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POTTSVILLE, a borough and the county-seat of Schuylkill county, Pennsylvania, U.S.A., at Schuylkill Gap through Sharp Mountain on the Schuylkill river, about 90 m. N.W. of Philadelphia. Pop. (1910 census) 20,236. It is served by the Pennsylvania, the Lehigh Valley and the Philadelphia & Reading railways, and by the Eastern Pennsylvania railway company to the borough of Minersville (pop., 1910, 7240), about4jm. N.N.E., and to the other boroughs in the immediate neighbourhood, for which Pottsville is a business and shipping centre. It is picturesquely situated in the famous Schuylkill coalfield and on the old Schuylkill canal and Tumbling Run, and has a considerable number of summer visitors. There are large repair shops of the Pennsylvania and of the Philadelphia & Reading railways at Pottsville. In 1905 the total value of the factory products was $5,805,788.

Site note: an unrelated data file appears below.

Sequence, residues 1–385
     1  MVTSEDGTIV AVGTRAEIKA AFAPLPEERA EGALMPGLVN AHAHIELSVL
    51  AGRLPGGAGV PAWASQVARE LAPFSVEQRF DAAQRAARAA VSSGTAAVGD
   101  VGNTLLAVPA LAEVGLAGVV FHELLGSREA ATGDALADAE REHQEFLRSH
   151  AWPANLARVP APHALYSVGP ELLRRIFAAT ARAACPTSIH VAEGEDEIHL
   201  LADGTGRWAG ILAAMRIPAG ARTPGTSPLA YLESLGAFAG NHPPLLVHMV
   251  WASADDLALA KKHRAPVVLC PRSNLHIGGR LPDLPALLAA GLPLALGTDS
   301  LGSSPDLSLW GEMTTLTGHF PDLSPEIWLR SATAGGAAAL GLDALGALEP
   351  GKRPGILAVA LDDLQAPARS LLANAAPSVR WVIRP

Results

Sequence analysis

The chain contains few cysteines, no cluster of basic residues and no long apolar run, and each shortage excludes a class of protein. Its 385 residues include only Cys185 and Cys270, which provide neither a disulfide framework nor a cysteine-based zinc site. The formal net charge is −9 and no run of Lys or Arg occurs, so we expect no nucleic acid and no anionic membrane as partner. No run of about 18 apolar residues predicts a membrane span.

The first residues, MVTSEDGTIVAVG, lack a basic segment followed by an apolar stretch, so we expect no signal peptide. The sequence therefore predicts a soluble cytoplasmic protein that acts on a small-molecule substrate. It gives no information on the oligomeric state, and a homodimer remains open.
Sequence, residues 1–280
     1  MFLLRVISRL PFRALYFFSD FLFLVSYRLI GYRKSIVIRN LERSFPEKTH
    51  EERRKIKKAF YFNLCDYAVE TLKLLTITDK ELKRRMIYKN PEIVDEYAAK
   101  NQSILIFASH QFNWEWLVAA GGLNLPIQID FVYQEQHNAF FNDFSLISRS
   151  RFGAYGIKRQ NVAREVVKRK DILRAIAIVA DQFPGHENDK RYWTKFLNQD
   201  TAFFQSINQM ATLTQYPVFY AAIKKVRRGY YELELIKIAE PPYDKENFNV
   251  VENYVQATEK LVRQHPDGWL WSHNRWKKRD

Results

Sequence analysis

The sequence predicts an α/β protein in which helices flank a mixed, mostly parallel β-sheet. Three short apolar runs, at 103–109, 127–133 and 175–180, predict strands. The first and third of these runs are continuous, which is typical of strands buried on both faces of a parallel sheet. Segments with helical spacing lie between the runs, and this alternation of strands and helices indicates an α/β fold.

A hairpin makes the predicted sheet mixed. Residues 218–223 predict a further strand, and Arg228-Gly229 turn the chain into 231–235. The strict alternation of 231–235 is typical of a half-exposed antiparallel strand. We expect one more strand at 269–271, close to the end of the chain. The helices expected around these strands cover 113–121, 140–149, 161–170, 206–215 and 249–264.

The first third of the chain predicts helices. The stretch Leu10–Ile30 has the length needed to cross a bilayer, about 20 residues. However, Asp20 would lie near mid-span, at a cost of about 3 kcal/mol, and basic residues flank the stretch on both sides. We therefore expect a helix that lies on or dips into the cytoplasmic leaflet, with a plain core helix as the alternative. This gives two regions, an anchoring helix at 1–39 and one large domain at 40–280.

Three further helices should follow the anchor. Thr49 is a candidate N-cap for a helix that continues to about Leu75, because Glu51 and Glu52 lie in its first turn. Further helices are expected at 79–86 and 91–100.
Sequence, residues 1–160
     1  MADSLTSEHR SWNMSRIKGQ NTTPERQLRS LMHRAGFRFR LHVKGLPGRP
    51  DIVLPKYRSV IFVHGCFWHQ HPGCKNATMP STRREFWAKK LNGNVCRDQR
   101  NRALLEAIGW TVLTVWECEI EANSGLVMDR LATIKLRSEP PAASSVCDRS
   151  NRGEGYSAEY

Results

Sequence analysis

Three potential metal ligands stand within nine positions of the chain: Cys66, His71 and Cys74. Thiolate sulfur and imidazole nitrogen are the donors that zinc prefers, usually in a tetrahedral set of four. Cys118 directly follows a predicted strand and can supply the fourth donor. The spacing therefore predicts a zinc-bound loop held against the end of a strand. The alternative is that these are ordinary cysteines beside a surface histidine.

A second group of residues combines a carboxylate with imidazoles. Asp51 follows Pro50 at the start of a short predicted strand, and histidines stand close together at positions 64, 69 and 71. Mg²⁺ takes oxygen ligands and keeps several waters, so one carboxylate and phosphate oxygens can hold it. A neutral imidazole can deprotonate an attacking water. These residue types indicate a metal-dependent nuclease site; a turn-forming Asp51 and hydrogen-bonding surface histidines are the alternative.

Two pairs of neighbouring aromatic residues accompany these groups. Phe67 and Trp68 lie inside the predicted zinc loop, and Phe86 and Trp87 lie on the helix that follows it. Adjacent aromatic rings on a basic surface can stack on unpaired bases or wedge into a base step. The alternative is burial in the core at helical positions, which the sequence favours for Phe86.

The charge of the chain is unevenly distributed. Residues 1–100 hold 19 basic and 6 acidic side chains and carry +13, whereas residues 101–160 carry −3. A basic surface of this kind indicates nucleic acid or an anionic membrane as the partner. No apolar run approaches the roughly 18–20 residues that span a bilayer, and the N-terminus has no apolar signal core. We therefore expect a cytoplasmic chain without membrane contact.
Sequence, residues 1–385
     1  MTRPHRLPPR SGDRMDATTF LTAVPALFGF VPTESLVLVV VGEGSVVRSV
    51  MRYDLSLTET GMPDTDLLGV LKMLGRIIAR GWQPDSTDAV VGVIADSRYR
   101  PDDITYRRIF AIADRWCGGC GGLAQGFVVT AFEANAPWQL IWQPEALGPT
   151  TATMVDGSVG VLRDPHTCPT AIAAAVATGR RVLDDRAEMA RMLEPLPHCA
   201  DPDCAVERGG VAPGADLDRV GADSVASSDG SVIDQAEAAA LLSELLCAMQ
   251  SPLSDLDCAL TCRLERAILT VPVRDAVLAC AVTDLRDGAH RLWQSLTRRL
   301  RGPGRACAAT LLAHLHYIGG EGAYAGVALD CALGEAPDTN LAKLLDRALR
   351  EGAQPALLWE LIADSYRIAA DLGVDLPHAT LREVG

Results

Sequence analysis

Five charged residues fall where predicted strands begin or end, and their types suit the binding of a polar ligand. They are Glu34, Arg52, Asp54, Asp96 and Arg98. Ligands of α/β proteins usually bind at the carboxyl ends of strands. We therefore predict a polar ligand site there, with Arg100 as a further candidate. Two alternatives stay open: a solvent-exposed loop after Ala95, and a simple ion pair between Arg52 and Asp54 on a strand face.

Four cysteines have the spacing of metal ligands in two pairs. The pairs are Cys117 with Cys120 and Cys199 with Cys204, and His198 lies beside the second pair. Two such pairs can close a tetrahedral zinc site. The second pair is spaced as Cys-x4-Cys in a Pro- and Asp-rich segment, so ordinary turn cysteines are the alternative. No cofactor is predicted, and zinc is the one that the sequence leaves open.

The first settlers here, a single family, were massacred by the Indians in August 1780; a second settlement was established about 1795, and an iron furnace was erected a few years later. In 1804 this furnace was purchased by John Pott (1750-1827), the founder of the borough; in 1807 coal was discovered; in 1816 the town was laid out; in 1828 it was incorporated as a borough; and in 1851 the borough became the county-seat. In 1854-1877 Pottsville was a centre of the Molly Maguire disturbances, and here a number of the leaders were tried and convicted in 1876-1877. In 1908 the borough of Yorkville (pop., 1900, 1125) was annexed to Pottsville.

Note - this article incorporates content from Encyclopaedia Britannica, Eleventh Edition, (1910-1911)

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